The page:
The feelgood story of Borussia Mönchengladbach’s resurgence under reluctant savior Andre Schubert appears to be encountering some problems. The Foals’ season is comparable to a rollercoaster, allow me to explain using some physics: Newton’s First Law of Motion (law of inertia), “an object in motion tends to stay in motion, unless another force acts against it.”
Remember, this is the team that started with five straight losses resulting in Coach Lucien’s departure – and one of those was the 2-1 defeat home to this Mainz side.
For the Foals, the game featured some comical defending, awful positional play, allowing the visiting Mainz side acres of space in midfield and if it wasn’t for the post or Muto’s poor finishing, the game could have been 4 or 5 to 1.
After Favre left, BMG reeled off 8 wins and 2 draws in a ten match stretch that reached its zenith with a 3-1 demolition of Bayern, handing the defending champions their first loss. But, as the song “Learning to Fly” by Tom Petty says : “What goes up, must come down!” and so did Gladbach, getting crushed 5-0 by Leverkusen. While they were able to overcome the third red card of Granit Xhaka to triumph over Darmstadt 3-2 in the final match of the Hinrunde, the Rückrunde posed a vital question for the team with the Nordkurve supporters: Which direction would the rollercoaster go?
Gladbach came into Matchday 19’s game with injury problems , missing their two excellent central mifielders, 20-year-old wunderkid Mahmoud Dahoud to a hand injury (suffered at home) and Granit Xhaka still serving his suspension in addition to Tony Jantschke and Patrick Herrmann (scorer of BMG’s lone goal in the Hinrunde match vs the 05ers) who have been out with knee injuries since December and October, respectively.
Mainz entered the game in a funny little situation, on one hand they are on a 3 game winless streak, one away from the team’s worst under Martin Schmidt. On the other hand, they have been unbeaten against BMG in their last 3 matches. The two-man wrecking crew of Yunus Malli and Yoshinori Muto have accounted for 15 of the team’s 24 goals, but were both quiet in last week’s 1-0 defeat to the offensively anemic Ingolstadt. (Muto came off the bench). So, the question for the Nullfünfer was: Would the M and M duo return their excellent Hinrunde form, or was last week a sign of things to come?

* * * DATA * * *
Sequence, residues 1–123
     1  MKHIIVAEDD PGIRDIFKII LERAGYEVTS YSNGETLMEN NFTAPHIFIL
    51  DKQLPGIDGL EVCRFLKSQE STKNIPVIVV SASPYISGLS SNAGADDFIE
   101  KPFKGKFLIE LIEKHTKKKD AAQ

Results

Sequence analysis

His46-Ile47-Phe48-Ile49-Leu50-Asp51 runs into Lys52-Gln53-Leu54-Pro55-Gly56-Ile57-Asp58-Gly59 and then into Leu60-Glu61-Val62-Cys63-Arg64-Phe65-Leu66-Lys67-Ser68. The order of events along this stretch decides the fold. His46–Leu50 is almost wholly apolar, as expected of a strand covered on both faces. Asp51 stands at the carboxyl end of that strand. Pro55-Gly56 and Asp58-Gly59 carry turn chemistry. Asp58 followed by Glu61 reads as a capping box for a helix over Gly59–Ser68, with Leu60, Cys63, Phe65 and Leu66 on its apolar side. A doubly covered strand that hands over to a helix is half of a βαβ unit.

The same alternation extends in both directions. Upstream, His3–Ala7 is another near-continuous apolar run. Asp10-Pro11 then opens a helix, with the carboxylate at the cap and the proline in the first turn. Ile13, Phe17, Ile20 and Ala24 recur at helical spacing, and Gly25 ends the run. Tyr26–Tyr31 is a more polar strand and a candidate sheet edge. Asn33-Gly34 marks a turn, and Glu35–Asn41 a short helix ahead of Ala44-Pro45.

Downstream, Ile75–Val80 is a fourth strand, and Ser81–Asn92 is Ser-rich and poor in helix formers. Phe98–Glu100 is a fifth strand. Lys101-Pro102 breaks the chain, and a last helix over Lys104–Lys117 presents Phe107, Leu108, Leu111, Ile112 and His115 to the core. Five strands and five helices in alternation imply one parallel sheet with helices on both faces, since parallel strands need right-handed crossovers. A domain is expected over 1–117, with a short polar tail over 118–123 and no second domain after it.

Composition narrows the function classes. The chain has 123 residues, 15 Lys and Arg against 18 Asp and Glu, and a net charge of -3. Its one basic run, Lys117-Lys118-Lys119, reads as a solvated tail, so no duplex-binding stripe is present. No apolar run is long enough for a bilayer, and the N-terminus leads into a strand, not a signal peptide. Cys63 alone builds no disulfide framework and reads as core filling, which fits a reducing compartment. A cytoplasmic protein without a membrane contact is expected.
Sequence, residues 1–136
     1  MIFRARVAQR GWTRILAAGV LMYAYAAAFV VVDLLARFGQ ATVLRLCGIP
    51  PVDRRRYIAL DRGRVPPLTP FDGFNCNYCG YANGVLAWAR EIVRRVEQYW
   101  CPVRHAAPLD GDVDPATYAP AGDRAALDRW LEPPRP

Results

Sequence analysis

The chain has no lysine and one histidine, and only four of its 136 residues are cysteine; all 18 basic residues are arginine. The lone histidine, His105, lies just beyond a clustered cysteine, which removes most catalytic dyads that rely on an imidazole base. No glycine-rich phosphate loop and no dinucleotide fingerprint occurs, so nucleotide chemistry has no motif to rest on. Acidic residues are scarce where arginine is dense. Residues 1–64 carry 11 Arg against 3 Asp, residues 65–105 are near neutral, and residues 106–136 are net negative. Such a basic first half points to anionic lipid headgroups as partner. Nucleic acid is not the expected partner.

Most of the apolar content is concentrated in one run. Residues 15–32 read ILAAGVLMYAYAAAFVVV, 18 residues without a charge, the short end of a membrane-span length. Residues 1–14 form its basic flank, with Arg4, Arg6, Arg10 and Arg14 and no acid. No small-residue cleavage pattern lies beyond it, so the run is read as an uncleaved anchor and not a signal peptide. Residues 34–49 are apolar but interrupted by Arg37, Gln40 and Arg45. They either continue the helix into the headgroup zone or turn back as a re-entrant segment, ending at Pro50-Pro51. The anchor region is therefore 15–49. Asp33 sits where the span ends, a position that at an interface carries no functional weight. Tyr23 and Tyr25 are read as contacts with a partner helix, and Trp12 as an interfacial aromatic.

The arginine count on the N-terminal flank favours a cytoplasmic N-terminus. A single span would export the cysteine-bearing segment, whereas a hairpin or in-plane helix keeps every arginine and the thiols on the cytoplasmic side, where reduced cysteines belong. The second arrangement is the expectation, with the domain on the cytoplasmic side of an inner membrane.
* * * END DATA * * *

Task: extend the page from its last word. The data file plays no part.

Gladbach (4-2-3-1, sometimes 4-1-4-1) – lining up with Lars Stindl behind Raffael with Ibrahima Traore (R) and Jonas Hoffman (L) , and CDM Havard Nortveidt (playing along the ever versatile American Fabian Johnson) started the game with more enthusiasm. The 25-year-old Nortdveidt had the first chance of the game from a corner, but his header was well saved by Loris Karius. The Norwegian has had a decent season under Schubert after being completely ignored by Lucien Favre (zero appearances in 5 matches), scoring 3 goals and even becoming the target of some Arsenal (the Norwegian left the Gunners without ever making a senior appearance in 2010)
In the early parts of the game, the most interesting going for Mainz was there rainbow-colored jerseys, reminiscent of Dariusz Wosz era VfL Bochum.
At the 20 minute mark, Traore lost the ball for what was like the 5th time and BMG were unable to recover, culminating in Jairo Samperio (who had the most touches of all players up to this point) slaloming through 3 Gladbach players (Traore, Nordveidt, Stindl) before Christian Clemens unleashed a bomb from about 20 yards out to give FSV the lead. It is perhaps worth mentioning at this point, that Mainz are 7-0-1 when taking the lead in a game for 22 points, which is relevant, when they have 24 altogether.
The revitalized Raffael (earning the epithet for his awakening under Schubert) and Borussia Dortmund castaway Jonas Hofmann decided to put on a bit of a passing exhibition on 35 minutes, with the Brazilian missing a glorious chance. Or rather we should say the 22-year-old Karius made an absolutely killer save.
The Foals were mounting a comeback with Lars Stindl sandwiching a lovely run between being denied first on a header by Karius, and then in the 42nd minute his own right foot let him down, as he stretched, but could only put his effort wide.